Last Wednesday afternoon I was in the banya doing my laundry when I heard the click-clack sound of hooves on the cement outside. I peeked out the door to see what it was and found myself nose to nose with Dasha, our large pregnant brown cow, trailing a piece of broken rope. Opening the door had spooked her and she spun around and started to run away. Our backyard is fenced in, so there was really nowhere for her to run to, and she is too pregnant to fit through the door in the gate. I glanced over at the cow pen and then realized that the other cow had broken free as well. Both cows had gone! I imagined them cooperating in their escape, one breaking the rope and then chewing off the other’s rope to free her friend. Dasha, being so huge couldn’t make it far, but Masha, the smaller white cow, had broken through the back gate and I could see her hoof prints in the muddy bank of the canal behind the house. First Dasha, then I will deal with Masha. Being the only one home, I had no choice but to go after both of them. I didn’t want my host-family coming back only to find the oblivious American but no cows. I coaxed Dasha close enough to me to grab her rope and then pulled her back to the pen where I quickly knotted her back up, thankful she hadn’t put up a fight because she is really big. I followed Masha’s tracks over to the neighbor’s house where I found her contently munching on their hay she had found. When she saw me, she bolted around me and back in the direction of our house with me slipping on the mud after her. But as Dasha had been too big to fit out the front gate, Masha is smaller and she only stopped briefly in the yard to steal a furtive glance at me and then ran full speed out the front gate into the street. A neighbor was sweeping the street and Masha ran right up behind him and stopped about a foot away from him with out him even noticing her. Only when I yelled to him, asking if he could grab my cow for me, did he turn around and see Masha hiding behind him. It was really like she thought that I couldn’t see her behind the neighbor, the way she just suddenly stopped right there. As he reached out to grab her, she again bolted and I jumped out of the way as she ran back through the gate and into the yard. I locked the gate behind me, and I grabbed some cornhusks to try to lure her to me. She was distracted enough by the food to let me take her rope and tie her up again. Right as I was cleaning my hands, my host-sister came through the gate and I yelled to her, with a flurry of waving arms, “the cows left. But I found them. Don’t worry!” I retold the story to each family member and the neighbors have all told their versions of the story as well. Like all gossip in Turkmenistan, each account differs greatly, but they all included a lively impersonation of Annie wildly waving her arms and yelling, “that’s my cow! Can you get my cow for me please!!” And that part is definitely true.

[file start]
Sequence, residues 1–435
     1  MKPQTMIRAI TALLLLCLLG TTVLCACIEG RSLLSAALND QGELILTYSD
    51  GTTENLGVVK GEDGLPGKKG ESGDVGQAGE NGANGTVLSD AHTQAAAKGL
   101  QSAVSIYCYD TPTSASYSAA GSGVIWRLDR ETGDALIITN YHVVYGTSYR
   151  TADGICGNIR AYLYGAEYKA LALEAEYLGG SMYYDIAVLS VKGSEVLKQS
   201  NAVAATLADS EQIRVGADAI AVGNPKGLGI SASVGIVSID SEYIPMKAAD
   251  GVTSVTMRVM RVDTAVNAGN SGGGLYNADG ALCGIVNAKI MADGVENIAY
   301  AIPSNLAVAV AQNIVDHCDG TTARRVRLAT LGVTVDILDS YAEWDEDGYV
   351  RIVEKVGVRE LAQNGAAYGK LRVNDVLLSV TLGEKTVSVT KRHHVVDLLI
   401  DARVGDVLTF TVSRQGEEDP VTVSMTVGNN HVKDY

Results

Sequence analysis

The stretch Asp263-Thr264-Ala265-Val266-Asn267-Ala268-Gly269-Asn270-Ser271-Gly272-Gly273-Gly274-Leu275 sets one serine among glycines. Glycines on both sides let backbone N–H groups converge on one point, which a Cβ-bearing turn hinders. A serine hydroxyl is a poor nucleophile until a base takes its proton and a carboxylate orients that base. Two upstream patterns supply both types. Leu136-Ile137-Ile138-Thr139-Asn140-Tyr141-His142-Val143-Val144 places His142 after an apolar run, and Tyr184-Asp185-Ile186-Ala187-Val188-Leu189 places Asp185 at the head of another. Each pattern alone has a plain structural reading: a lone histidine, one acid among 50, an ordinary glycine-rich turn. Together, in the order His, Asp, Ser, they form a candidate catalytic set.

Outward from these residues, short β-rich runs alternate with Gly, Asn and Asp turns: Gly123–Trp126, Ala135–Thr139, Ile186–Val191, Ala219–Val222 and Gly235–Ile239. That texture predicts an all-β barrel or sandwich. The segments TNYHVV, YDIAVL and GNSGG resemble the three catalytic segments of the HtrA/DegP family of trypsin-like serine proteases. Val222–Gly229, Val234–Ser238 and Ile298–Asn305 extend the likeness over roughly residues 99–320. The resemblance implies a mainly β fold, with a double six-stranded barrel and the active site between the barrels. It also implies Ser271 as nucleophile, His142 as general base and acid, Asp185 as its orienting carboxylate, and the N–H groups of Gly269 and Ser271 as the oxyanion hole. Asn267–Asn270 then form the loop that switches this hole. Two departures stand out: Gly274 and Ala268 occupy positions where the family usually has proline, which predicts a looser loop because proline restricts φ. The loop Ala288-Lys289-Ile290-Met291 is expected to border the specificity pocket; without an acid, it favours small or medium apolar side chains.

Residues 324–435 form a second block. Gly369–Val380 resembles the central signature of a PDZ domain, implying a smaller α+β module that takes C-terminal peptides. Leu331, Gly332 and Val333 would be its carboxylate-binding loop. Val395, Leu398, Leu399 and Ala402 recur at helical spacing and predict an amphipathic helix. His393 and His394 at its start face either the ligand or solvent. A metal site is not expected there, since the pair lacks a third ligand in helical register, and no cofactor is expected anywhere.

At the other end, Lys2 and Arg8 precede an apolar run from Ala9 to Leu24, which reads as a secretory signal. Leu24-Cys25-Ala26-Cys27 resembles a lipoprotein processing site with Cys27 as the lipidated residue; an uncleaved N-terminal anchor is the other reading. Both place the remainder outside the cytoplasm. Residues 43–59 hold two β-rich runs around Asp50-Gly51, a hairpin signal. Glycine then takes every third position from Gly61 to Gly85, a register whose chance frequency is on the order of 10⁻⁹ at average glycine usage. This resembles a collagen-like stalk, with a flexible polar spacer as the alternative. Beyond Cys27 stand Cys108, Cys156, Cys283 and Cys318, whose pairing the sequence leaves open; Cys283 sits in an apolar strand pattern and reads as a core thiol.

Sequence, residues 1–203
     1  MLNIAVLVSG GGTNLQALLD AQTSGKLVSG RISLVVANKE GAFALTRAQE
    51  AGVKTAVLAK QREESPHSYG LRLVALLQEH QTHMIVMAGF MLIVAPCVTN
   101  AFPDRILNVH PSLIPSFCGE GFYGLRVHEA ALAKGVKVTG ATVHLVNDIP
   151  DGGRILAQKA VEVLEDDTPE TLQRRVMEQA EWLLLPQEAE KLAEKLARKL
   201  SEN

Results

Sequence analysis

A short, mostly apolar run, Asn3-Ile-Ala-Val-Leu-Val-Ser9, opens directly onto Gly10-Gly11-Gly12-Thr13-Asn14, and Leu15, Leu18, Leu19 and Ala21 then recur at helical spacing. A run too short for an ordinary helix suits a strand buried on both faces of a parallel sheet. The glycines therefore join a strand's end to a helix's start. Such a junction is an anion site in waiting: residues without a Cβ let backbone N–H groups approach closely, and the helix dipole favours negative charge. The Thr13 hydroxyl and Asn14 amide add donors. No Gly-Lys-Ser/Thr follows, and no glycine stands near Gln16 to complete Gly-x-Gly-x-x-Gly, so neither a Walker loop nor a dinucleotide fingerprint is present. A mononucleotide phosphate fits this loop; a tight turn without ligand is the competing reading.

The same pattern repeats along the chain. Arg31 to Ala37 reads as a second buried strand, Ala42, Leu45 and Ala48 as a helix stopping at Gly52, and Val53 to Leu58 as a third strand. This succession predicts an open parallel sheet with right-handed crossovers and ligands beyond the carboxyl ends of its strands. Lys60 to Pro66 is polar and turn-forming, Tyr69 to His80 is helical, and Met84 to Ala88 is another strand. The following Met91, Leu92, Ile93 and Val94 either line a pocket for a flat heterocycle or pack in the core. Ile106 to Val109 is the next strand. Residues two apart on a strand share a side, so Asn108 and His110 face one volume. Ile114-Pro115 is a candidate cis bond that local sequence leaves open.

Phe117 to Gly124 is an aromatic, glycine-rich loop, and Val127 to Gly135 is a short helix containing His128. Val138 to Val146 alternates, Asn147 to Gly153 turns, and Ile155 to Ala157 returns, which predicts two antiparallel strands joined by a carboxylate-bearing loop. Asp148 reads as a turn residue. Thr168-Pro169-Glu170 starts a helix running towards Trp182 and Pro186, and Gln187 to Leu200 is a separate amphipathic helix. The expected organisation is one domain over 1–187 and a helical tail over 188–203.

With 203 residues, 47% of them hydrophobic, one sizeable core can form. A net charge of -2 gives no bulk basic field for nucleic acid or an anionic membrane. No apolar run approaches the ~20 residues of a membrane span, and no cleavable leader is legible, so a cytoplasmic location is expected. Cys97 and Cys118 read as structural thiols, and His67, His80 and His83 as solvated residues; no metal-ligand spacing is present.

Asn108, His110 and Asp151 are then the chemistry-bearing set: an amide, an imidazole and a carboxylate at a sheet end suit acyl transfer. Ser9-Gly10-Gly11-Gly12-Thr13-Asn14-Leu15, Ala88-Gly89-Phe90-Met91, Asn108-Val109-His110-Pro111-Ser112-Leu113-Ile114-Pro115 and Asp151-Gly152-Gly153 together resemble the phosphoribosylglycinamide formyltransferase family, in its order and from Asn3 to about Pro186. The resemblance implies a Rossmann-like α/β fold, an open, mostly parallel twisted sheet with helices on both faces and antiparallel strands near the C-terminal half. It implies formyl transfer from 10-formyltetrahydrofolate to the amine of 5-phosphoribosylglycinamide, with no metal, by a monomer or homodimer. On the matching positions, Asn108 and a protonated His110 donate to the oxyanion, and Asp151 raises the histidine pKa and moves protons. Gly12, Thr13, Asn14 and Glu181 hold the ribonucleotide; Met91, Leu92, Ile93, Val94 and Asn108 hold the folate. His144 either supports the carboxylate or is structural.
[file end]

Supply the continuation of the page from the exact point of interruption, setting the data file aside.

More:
Monday, April 20, 2009